OoooH Canada – Canada’s 150th Birthday

Even though we can’t pronounce sesquicentennial we are going to celebrate our 150th birthday. Here is a quick look at where we have been.

Leading the Country – liquor, ghosts and smoke

  • Canada’s first Prime Minister was Sir John A. MacDonald, renowned for negotiating confederation, a rail line across Canada – all the while as Canada’s most famous drunk.
  • William Lyon Mackenzie King was Canada’s wartime Prime Minister; he led the country out of the Great Depression and during the Second World War. He was a bachelor with a weird habit of consulting spiritualists and mediums about how best to run the country.
  • Today’s Prime Minister, Justin Trudeau hasn’t yet made his mark. He tried and failed to bring in a different voting system, piled up way more public debt than expected and hopes to legalize marijuana. He is probably the first Prime Minister to admit to smoking a joint.

We are Big and Cold

  • Canada’s population at Confederation was about 3.5 million people. Today we are 35 million. 75 years ago in 1942, the population was about 11.5 million and in 1967 it was 20 million.
  • Canada is the second largest country by land mass – almost 10 million square kilometres. Our population density (3.3 people per sq. km,) second lowest in the world – just behind Botswana.
  • But we rule at coastlines – 243,977 kilometres – more than anyone else.
  • We are tied with Russia as the coldest country, which explains why we perfected the toque.

All of Us Came from Away

  • Modern humans started migrating out of Africa about 100,000 years ago.
  • Humans didn’t get around to living in the Americas until around 13,000 to 14,000 years ago. Still – that was before the invention of the wheel.
  • Over time people populated Canada and developed 6 linguistic – cultural areas. Arctic, Sub-arctic, Northwest Coast, Plateau, Plains, and Eastern Woodlands.
  • Academics still have bun fights guessing the number of Aboriginals in North America at the time the Europeans started moving in. Some say 12 million but others think maybe only 1-2 million. The impact of epidemics brought by Europeans is also a huge unknown.
  • In Canada, French immigration began in 1604 for about 150 years. British immigration followed for almost another 150 years.
  • Multicultural Immigration really got rolling around 1900 for 20 years when aggressive immigration programs brought 3 million people to Canada. About half came to the settle on the prairies.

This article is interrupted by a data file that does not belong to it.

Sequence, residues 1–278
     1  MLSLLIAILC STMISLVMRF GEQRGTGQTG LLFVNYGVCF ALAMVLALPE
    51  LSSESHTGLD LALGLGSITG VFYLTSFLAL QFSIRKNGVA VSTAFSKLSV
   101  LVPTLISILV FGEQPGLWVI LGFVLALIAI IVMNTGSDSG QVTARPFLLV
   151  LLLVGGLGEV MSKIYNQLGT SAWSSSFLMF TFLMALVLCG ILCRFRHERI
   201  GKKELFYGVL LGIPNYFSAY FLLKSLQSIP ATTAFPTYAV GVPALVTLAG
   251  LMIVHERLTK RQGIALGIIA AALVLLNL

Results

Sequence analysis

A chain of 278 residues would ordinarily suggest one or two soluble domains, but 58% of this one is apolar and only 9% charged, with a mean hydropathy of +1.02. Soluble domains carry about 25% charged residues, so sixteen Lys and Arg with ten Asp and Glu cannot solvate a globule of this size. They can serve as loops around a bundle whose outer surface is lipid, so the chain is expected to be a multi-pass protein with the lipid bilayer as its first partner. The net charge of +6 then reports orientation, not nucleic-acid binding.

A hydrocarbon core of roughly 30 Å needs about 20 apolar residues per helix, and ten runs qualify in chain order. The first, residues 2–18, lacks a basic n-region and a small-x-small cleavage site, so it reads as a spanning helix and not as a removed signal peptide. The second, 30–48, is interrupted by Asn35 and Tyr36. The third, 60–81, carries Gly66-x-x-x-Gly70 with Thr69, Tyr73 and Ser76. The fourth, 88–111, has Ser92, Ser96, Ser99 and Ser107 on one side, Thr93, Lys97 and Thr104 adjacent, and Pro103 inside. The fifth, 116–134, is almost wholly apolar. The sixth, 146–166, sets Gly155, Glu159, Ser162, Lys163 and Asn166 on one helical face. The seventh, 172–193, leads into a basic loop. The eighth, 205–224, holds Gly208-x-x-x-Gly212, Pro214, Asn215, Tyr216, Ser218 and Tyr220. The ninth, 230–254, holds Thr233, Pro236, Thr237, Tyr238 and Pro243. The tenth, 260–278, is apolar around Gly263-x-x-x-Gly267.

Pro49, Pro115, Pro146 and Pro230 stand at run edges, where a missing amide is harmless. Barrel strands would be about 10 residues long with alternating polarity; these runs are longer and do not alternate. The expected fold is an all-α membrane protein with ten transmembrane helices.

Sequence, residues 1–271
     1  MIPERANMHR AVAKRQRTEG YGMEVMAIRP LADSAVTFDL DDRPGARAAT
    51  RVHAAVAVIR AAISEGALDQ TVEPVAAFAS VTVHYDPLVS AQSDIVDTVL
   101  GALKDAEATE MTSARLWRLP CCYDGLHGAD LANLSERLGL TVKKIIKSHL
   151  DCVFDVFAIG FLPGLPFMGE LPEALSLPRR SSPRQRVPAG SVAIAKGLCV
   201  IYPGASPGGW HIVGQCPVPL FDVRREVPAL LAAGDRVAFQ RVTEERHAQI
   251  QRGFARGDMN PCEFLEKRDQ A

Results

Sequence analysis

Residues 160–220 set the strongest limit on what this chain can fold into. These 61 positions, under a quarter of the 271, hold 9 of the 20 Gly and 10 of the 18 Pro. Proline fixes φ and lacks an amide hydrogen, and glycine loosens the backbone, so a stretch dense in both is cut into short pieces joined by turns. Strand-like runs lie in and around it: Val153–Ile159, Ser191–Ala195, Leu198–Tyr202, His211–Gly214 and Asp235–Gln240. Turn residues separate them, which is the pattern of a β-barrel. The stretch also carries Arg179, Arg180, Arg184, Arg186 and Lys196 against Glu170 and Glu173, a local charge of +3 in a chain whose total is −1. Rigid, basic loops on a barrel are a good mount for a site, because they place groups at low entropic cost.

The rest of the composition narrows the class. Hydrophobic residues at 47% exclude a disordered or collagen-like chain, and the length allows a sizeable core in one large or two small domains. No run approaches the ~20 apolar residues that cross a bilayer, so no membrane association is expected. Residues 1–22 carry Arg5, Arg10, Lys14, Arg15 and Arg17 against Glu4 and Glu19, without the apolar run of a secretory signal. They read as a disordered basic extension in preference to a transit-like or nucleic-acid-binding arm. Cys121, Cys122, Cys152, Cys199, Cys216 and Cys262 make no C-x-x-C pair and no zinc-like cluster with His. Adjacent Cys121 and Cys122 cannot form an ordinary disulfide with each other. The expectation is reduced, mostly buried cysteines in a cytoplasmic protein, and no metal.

• Asians and Indians arrived in BC to work the railroads and fishery.The Great Depression and the World War Two put a crimp in immigration but it boomed again after the war and into the prosperous 1960s and ‘70s.
  • A liberal immigration policy in the 1980’s brought a million immigrants – and in the 1990s 2 million
  •  Canada is a haven for migrants seeking refuge from world events- Draft dodgers from the USA, boat people from Vietnam, Hong Kong residents fleeing Communist Chinese rule and unrest in Africa and the Middle East.
  • Fat and Mostly Happy
  • Canada’s economic development can be divided into 5 (mostly positive) eras:
  • Confederation to 1900 – the former colonies began creating a transcontinental economy
  • 1900 to 1930 – the economy became industrialized, and grew a prairie grain economy.
  • 1930 to 1950 – was mostly unstable as result of the Great Depression and World War II.
  • 1950 to 1975 – saw sustained year over year positive economic growth.
  • 1975 – to today the economy experiences spurts and recessions driven by our resources in the global market and our trade relationship with the USA.

We are Canadian!

  • We are most fortunate that our ancestors showed up. Whether by land bridge over the Bering Sea or by plane from Syria last month.
  • Most of us have a pretty diverse pedigree. My children can boast some ancestors who were aboriginal, a Hudson Bay explorer, Irish peasants, United Empire Loyalists, English brew-masters and Mennonite farmers fleeing Russian communists.
  • Canada is always in the running on any list of best place to live in the world.
  • Let’s celebrate our 150th birthday – because right after that we have to get back to working hard on the next 150!